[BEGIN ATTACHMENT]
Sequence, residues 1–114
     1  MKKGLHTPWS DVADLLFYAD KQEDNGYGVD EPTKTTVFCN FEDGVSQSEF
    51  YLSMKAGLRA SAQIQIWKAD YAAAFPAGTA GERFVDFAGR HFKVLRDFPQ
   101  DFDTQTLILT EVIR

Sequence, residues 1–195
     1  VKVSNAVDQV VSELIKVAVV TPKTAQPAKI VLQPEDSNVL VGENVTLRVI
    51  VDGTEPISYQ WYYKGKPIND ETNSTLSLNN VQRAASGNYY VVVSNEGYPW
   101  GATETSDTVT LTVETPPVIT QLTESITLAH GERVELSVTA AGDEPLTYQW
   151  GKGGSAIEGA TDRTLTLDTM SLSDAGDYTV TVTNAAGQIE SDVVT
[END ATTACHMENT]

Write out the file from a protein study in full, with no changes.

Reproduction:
Sequence, residues 1–114
     1  MKKGLHTPWS DVADLLFYAD KQEDNGYGVD EPTKTTVFCN FEDGVSQSEF
    51  YLSMKAGLRA SAQIQIWKAD YAAAFPAGTA GERFVDFAGR HFKVLRDFPQ
   101  DFDTQTLILT EVIR

Sequence, residues 1–195
     1  VKVSNAVDQV VSELIKVAVV TPKTAQPAKI VLQPEDSNVL VGENVTLRVI
    51  VDGTEPISYQ WYYKGKPIND ETNSTLSLNN VQRAASGNYY VVVSNEGYPW
   101  GATETSDTVT LTVETPPVIT QLTESITLAH GERVELSVTA AGDEPLTYQW
   151  GKGGSAIEGA TDRTLTLDTM SLSDAGDYTV TVTNAAGQIE SDVVT